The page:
Album Review: Biffy Clyro – A Celebration Of Endings

biffyBiffy Clyro – A Celebration Of Endings

Alternative Rock | Indie Rock

87%

When you take a step back and look at their discography, Biffy’s artistic trajectory is a story all about balance. For their early records, quirky balls-to-the-wall math rock was the order of the day, and the odd great chorus you would stumble upon was more through a lucky accident than by design. More recently their sound has been increasingly reigned in, safe and polished; focused on finding the next infectious hook and letting experimentation fall by the wayside. However, for a couple of glorious records, they got the equilibrium just right. Delivering massive arena anthems in a singularly eccentric style, they had a sound that was hard to pin down and yet instantly recognisable. I had worried that the band would continue to shift further away from the Goldilocks zone with their latest album A Celebration Of Endings, especially after lead single ‘Instant History’ offered up a chorus that sounded like it would be more at home on an Imagine Dragons record. Instead it manages to be both their most eclectic and their most consistent body of work in a decade.

Simon Neil certainly plays to his two biggest strengths on this record, namely being a bottomless well of killer riffs and having a knack for crafting big festival ready choruses. The former is on display right from the opening salvo of ‘North Of No South’, careening out of nowhere to hit you like a freight train, with plenty more great riffs scattered throughout the rest of the record. The latter takes a little longer to materialise, but as soon as you hit the suitably explosive hook of ‘Tiny Indoor Fireworks’ you find yourself treated to one of the band’s biggest bangers to date.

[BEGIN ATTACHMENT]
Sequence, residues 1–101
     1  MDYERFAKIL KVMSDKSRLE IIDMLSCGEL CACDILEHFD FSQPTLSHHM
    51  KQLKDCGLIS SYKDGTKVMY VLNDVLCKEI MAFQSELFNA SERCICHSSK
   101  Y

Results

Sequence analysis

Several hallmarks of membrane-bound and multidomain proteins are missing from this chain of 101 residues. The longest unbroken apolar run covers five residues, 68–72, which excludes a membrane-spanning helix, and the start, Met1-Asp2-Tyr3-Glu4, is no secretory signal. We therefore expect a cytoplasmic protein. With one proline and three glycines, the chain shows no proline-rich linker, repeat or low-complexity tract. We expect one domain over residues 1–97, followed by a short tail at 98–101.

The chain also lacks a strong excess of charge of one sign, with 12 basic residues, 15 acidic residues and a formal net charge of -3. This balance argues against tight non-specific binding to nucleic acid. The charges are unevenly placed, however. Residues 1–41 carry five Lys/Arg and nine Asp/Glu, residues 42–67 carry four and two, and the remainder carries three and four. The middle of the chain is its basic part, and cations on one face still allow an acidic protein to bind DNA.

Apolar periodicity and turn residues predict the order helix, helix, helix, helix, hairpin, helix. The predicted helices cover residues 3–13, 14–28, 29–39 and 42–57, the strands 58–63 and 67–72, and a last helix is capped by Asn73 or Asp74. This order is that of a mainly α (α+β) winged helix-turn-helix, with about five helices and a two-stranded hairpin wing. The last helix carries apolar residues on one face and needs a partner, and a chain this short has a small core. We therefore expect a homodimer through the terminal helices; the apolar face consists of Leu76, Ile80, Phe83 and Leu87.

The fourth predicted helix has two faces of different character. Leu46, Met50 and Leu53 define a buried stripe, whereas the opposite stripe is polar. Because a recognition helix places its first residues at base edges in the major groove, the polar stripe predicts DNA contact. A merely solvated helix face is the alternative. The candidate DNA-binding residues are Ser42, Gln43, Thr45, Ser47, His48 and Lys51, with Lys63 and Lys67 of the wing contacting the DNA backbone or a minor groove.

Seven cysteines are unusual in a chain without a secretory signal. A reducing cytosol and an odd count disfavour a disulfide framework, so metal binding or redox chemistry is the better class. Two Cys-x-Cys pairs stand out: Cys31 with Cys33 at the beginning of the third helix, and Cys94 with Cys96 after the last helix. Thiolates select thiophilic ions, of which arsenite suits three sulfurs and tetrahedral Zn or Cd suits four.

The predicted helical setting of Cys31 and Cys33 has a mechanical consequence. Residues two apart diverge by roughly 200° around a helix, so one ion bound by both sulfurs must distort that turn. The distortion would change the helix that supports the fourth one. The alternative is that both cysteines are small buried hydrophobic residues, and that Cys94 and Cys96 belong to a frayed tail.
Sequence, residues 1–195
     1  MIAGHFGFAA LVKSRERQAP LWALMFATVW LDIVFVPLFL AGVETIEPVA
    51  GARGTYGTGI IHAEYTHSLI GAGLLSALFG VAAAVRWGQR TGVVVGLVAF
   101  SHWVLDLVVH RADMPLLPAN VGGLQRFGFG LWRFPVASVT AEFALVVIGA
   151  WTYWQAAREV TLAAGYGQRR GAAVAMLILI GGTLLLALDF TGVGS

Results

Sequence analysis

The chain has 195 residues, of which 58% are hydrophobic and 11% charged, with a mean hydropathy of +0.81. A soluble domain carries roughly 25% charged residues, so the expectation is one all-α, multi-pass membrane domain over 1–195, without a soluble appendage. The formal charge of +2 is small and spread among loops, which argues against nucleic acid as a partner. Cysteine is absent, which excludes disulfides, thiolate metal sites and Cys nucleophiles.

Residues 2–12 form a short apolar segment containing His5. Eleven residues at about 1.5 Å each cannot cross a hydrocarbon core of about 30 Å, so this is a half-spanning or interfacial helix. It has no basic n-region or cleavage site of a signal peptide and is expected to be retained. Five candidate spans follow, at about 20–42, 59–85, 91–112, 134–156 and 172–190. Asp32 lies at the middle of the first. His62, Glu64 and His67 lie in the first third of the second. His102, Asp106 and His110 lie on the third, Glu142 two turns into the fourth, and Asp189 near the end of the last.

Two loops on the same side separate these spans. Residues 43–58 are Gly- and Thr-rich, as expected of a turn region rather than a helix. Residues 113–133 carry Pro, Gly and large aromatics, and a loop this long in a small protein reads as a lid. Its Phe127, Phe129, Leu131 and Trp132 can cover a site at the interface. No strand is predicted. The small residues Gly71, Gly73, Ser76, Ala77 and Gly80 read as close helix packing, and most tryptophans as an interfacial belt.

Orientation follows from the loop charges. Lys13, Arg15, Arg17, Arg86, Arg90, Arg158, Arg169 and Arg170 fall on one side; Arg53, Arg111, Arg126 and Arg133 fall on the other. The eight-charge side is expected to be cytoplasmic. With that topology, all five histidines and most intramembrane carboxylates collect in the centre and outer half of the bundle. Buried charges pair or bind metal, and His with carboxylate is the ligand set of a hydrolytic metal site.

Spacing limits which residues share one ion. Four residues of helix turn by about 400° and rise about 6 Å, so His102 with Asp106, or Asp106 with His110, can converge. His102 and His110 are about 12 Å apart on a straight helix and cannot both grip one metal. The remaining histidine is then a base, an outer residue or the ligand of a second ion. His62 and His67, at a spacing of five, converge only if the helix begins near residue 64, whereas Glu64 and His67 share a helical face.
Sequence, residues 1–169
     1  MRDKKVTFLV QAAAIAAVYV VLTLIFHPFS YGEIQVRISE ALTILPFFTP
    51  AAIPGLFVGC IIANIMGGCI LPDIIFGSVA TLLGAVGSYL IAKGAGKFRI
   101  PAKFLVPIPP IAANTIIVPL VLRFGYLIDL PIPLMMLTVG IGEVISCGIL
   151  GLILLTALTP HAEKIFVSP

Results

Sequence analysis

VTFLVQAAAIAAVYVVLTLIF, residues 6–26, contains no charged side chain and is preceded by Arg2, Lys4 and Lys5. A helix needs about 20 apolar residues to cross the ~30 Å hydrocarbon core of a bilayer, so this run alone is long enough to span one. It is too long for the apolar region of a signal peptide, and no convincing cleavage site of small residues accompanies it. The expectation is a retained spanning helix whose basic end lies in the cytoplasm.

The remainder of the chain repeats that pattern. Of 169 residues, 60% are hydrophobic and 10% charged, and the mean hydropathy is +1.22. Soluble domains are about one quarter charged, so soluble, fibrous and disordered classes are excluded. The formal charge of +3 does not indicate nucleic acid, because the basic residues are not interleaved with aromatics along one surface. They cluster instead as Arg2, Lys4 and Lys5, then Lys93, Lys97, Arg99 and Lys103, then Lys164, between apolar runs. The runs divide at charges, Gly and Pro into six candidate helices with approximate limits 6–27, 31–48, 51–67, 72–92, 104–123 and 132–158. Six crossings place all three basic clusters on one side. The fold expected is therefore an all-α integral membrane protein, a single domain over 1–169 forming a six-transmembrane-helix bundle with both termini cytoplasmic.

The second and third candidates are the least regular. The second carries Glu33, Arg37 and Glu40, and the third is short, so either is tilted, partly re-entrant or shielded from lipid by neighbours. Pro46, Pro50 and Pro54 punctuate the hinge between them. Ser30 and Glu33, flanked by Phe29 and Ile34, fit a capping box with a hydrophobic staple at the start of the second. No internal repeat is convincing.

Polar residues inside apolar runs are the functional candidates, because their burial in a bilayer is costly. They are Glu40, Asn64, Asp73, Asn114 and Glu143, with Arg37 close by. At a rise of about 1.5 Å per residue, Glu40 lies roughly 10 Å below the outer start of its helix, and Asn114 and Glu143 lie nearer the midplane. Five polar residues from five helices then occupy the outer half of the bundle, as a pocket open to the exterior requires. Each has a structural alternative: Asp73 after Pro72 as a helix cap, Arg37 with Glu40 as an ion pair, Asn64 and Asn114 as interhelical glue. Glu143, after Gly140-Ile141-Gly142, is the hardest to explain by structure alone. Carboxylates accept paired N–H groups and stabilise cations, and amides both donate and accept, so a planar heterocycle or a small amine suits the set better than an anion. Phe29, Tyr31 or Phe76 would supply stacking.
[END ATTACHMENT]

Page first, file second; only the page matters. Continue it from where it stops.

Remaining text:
There is one aspect of their records that has always been a little unsteady however. It’s no secret I’ve had a love hate relationship with Simon’s lyrics over the years; he’s produced more than a few tattoo worthy lines, but previous records have hosted at least one line so stupid that it must have come from a random word generator. Miraculously Celebration never crosses the line into the ridiculous and still delivers its fair share of poignant moments. Most notably on the gorgeous romantic ballad ‘Space’, with such killer lines as “We carried our past and cradled the storm, We tried to conceal the scars we wore” and “Love’s truest meaning lives when you’re not there”.

In spite of all this it’s perhaps the Johnston twins who shine most on this record. There’s more bite in the rhythm section here than I’ve heard from the band in a long time. James’ gut punch bass lines on ‘Weird Leisure’ and ‘End Of’ elevate the tracks to new heights, while Ben’s frenetic staccato drum work on ‘The Pink Limit’ show a glimpse of the band’s more progressive side. Biffy have always had a prog streak running through them, but I don’t think it’s ever sounded better, or been more prominent, than on closing track ‘Cop Syrup’. At it’s centre lies a rich textured atmosphere; a gorgeous swirling ocean of sound, steeped in melancholy, that could have been plucked straight from a Porcupine Tree record. This unexpected delight truly ends the record on a high.

The fact that their most proggy and ethereal work to date is sandwiched between a ferocious punk intro and outro, and yet somehow still works, is a perfect analogy for the album as a whole. In amongst gargantuan riffs you have the straight up pop of ‘Instant History’ and the acoustic balladry of ‘Opaque’ feeling like a spiritual successor to Puzzle‘s ‘Machines’. A Celebration Of Endings sees Biffy Clyro being pulled in a myriad different directions, but it never feels at risk of coming apart as they manage to hit the mark with every endeavour. It’s not quite their best album, but it’s in closer contention than I ever would have expected.